At the scene of 'Boomtown'

This may be just the set for police drama "Boomtown," but it has all the grimness of a real L.A. police station: the institutional beige and pea color scheme and the dilapidated, unmatched furniture. The donut-packed Krispy Kreme boxes almost look out of place, they're so bright and cheerful.

Actor Gary Basaraba strolls the set as if it's his home. He says the downbeat mood helps him get into character as a beat cop. He's played policemen before. In fact, the blue-uniformed officer is a bit of a career specialty for him. But he says his role in "Boomtown" is more demanding and rewarding because it's written with an emotional depth that characters on traditional cops shows seem to lack.

Indeed, while shows that focus on the technical aspects of crime-solving, including the top-rated "CSI," are hot right now, "Boomtown" is taking the cop-show genre in a new direction, Mr. Basaraba says.

"There's another procedure to the lives of policemen ... and that's the emotional procedure that they go through to connect and disconnect with their jobs," he says. "That's really where the show is heading."

Billed as "Rashomon" meets "Pulp Fiction," the freshman show debuted last fall and received mixed critical reaction. Critics later warmed to the unconventional techniques of a single story retold several times through the eyes of different characters. But audiences have been thrown, because that approach can seem repetitive. The pilot was about the death of a young girl, and the crime was solved as several points of view were shown. One critic gave the show the backhanded compliment of being "the latest contender in the 'innovative drama' stakes."

Yet producers admit they're still finding their stride. Graham Yost shifts uncomfortably in a chair on the set (not even the coproducer gets good furniture), noting that the show is back after seven weeks with renewed commitment to the original vision.

"Our goal," Mr. Yost says, "is to create that emotional experience and the involvement in the characters' lives. We're trying things that haven't necessarily been tried before, at least not in television...." Yost adds, "We also want to create puzzles and mysteries that are really fun to solve for the audience. But it has been a process for everyone."

The show isn't filming on this set at the moment, but that doesn't stop the actors from slipping into character.

As the performers who play cops and detectives amble through the room where morning roll-call takes place, they'll grab a donut and look at the fictional crime statistics listed on the front board. The actors study them briefly, as if feeling pressure to solve real crimes.

This job gets under their skin, more than most roles, says Mykelti Williamson, who plays a detective nicknamed "Fearless."

"Sometimes after a scene," he says, "we'll grab each other and embrace and cry because we know that that actor just poured his heart out, or that director just came in here like they're a part of this show every single week and poured his or her heart out."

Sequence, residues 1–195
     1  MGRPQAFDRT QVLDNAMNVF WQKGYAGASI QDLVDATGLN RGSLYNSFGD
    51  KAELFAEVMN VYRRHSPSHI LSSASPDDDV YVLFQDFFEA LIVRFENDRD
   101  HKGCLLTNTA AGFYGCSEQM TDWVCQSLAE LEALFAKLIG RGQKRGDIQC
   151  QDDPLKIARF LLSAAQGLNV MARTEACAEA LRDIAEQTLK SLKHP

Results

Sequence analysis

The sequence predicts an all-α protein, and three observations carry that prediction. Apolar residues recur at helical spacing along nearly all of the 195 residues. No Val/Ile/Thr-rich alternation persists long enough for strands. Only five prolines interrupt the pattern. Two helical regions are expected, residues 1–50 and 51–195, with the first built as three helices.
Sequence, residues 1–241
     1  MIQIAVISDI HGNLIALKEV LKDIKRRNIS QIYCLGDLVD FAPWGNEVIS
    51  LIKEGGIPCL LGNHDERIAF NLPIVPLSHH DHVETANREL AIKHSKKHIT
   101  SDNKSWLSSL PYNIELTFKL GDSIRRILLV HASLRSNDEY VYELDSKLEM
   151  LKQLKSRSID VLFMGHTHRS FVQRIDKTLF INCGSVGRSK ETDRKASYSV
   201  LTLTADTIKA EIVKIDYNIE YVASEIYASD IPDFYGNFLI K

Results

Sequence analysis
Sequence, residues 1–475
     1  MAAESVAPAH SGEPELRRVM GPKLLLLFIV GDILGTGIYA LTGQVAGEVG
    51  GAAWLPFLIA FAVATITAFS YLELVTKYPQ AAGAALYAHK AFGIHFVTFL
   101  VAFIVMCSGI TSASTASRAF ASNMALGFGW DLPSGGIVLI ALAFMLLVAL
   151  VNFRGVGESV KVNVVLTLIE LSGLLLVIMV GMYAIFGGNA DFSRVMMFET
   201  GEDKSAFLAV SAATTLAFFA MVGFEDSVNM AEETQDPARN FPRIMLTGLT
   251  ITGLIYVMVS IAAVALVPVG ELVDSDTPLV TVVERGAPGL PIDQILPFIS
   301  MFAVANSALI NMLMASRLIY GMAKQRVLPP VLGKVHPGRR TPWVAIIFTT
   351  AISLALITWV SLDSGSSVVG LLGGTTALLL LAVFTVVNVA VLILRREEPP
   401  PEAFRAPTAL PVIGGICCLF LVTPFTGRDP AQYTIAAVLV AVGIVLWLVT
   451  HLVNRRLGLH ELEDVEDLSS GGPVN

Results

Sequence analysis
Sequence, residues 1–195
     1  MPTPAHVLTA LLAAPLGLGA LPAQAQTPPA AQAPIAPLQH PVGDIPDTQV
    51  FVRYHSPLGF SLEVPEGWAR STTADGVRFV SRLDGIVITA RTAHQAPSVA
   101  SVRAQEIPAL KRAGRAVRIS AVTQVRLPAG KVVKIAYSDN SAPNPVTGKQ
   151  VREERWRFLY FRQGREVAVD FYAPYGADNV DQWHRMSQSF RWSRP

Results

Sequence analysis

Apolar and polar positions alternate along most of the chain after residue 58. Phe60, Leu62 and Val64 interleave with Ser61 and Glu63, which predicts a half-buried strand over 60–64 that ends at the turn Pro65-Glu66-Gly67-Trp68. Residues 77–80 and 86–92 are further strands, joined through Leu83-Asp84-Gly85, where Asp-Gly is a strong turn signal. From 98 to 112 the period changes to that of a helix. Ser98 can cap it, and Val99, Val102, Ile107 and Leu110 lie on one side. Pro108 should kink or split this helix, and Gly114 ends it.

And that's part of the show's complexity that the producers face. How do you plumb the emotional depths of a great cast while also creating a complex crime puzzle?

"We've got some great characters," says executive producer, filmmaker Jon Avnet, "and the question is, how do you explore them in the best way possible?"

Everyone, particularly the actors, has tried to be flexible.

"They've allowed us to do this experimenting ... to try to reveal the character, to not be driven by preconceived notions of [story] arcs that have worked for other shows," Mr. Avnet says. At the same time, he says, producers have to be mindful of the audience, asking themselves: "Is it clear? Is it too confusing?"

"Boomtown" shows two very different episodes in its first weeks back on the air. This past Sunday, the officers solved a crime involving a team of home-invasion and torture criminals. The story unfolds in a fairly linear manner. Though there's an emotion element, the race to solve the crime and catch the criminals was front burner.

This Sunday's show about capital punishment is heavier, with a tragic plot at its heart.

On the set, Basaraba stops in front of the crime-stats board and seems to ponder the people and lives they represent. He reflects on the reasons why the crime procedural is so popular.

" 'Boomtown' is about the humanity that's in all of us," says the actor, "and the way people can become brutalized to various degrees and still shine through."

He adds, picking up a donut, "We look past the technicality of the procedure and try to really look into each [person's life.]"

And then there's just the stuff of everyday policing that still hooks audiences - as well as the actors.

Donnie Wahlberg, who plays the detective, Joel Stevens, looks affectionately at the crumbling ceiling tiles and cracked overhead lights. He says he likes shooting in these deliberately crummy digs.

"Being out in the streets is cool and it's wonderful doing it in L.A.," he says, "but I do enjoy being in the police station. It somehow makes me feel a little bit more like a cop, like doing interrogations and stuff."

He adds, "It's like our little playhouse."

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